I have no comments on the plot as they are adequately covered
above.However I rated this film only 5/10 and cannot endorse the
critical acclaim others seem to bestow on it.I found it so-so just
average with a second division cast.A common farcical device (which
still persists today) is a scene in a film when an unbidden character
suddenly appears in the middle of someone else's apartment as if they
could walk through walls and doors.There were several instances of this
irritating device in this film.I like social realism in film noirs, New
York must have been one of the most unsafe cities if this is the level
of protection inhabitants enjoyed in 1941.Proper door security on doors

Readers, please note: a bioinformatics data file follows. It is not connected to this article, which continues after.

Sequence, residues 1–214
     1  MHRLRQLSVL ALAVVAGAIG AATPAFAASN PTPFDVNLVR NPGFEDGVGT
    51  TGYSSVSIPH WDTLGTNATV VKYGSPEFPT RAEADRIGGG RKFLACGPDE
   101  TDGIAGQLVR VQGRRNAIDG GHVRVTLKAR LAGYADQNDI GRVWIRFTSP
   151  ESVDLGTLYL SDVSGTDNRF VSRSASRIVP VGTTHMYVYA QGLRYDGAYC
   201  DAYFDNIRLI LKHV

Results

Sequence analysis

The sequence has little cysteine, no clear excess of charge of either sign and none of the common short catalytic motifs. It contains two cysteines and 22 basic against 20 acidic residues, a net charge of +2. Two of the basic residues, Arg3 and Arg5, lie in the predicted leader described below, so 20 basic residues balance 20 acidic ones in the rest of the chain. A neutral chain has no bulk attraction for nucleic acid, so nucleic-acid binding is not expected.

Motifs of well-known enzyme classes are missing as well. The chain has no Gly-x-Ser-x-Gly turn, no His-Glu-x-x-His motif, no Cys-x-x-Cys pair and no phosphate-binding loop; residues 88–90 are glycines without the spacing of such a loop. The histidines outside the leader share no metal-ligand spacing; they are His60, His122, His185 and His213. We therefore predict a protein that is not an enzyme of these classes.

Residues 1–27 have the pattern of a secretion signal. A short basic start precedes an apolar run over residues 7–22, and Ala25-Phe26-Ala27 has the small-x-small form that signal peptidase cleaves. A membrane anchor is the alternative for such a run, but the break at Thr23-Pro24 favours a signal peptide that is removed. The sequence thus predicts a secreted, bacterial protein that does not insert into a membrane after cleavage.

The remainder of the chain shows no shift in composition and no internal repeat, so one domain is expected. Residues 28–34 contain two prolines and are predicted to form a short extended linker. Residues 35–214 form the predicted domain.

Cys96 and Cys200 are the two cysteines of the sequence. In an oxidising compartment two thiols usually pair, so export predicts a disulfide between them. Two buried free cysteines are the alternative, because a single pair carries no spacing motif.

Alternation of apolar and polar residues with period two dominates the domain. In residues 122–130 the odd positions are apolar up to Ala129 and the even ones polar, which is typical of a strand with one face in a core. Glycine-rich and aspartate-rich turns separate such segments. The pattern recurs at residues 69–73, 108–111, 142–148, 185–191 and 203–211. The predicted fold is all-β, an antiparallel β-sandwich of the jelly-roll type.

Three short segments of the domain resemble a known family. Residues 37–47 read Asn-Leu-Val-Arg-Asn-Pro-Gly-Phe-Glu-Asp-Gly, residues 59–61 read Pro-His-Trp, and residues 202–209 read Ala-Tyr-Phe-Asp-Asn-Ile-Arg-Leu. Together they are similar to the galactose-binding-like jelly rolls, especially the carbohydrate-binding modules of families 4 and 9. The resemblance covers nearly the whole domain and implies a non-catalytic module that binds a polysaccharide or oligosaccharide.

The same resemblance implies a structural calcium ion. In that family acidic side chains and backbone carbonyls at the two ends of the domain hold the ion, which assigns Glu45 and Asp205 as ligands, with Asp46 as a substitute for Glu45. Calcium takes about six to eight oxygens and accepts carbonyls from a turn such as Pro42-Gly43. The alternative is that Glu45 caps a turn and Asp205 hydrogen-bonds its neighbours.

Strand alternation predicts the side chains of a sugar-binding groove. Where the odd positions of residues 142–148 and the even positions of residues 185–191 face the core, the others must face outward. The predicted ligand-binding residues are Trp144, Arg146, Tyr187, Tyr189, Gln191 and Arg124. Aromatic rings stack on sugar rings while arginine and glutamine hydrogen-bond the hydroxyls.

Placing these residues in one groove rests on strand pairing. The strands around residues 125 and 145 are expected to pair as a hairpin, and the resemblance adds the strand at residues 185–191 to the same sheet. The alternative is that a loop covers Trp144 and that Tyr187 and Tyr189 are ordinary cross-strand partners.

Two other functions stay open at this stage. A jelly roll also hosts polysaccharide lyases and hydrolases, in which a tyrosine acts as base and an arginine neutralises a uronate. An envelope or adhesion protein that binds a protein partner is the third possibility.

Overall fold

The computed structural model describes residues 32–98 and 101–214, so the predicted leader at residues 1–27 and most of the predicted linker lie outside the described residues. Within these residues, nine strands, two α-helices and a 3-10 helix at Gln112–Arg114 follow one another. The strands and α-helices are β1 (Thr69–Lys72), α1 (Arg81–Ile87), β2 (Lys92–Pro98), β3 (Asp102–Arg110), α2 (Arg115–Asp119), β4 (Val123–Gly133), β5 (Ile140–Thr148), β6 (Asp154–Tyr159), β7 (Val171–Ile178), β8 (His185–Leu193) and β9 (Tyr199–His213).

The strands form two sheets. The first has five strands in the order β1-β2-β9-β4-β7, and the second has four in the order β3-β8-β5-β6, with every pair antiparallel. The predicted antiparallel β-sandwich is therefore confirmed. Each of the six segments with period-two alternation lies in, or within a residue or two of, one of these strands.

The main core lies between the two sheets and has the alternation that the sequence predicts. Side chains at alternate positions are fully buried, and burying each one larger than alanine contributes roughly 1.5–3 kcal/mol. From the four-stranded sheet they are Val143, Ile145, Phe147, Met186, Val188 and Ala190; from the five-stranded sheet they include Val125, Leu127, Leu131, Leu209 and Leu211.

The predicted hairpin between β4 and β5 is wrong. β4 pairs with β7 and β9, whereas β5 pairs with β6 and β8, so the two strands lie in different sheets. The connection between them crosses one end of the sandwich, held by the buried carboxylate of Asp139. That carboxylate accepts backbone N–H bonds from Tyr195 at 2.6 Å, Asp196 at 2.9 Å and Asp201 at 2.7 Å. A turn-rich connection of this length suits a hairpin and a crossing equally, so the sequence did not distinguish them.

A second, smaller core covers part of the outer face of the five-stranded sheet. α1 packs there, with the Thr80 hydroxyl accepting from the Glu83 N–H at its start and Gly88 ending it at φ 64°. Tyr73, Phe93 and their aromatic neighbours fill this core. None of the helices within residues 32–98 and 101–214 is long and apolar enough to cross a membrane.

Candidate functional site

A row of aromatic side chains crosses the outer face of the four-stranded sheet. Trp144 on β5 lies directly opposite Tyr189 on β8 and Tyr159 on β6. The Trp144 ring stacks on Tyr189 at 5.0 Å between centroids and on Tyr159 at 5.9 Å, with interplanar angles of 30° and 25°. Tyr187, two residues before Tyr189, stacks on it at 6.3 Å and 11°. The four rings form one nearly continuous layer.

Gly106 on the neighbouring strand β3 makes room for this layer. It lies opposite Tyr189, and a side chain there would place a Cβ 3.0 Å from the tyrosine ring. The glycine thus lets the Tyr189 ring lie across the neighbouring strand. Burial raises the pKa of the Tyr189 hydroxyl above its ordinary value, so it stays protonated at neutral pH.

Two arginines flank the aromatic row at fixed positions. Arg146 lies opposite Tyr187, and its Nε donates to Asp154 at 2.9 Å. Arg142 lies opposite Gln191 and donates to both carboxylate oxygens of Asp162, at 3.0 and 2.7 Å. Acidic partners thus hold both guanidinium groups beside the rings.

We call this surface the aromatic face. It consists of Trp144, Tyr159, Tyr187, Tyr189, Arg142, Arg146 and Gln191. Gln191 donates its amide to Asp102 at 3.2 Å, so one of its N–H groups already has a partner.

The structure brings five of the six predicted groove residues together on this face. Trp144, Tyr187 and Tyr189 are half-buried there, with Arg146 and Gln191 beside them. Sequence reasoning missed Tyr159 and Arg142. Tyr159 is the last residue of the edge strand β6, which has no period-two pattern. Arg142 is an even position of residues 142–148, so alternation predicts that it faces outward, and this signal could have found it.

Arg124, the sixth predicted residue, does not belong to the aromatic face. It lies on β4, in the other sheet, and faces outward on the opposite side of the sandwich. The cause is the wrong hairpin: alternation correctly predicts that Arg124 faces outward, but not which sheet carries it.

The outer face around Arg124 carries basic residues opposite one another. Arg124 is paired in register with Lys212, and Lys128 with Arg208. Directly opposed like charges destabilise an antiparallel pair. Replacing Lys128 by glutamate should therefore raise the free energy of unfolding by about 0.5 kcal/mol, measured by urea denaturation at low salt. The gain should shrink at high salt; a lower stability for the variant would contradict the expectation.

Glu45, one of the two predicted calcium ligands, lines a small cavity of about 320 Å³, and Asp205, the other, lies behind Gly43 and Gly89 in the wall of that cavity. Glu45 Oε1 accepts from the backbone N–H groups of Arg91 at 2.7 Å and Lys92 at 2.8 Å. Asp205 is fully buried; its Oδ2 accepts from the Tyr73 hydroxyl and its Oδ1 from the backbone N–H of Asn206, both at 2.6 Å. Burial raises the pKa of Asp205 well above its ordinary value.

should include a good quality deadlock & sliding bolt & chain (not just
the retractable latch key type lock which can sometimes be overridden
by a credit card).Characters in this film seemed to be entering each
others apartments at will!! Also why did the accused not call legal
counsel as the police would not have dared to use such rough
interrogation techniques.Of course anyone with commonsense knew who the
real culprit was long before the denouement.Today officers of the law
would find themselves on a charge of legal harassment if they pursued &
questioned suspects in the rough manner portrayed.
One character I could not take my eyes off was Alan Mowbray who played the "ham" actor.I can only see & remember him as "Sir William Hamilton" British ambassador to the kingdom of Naples in Napoleonic times in "That Hamilton Woman" also 1941, which starred Vivien Leigh/Laurence Olivier.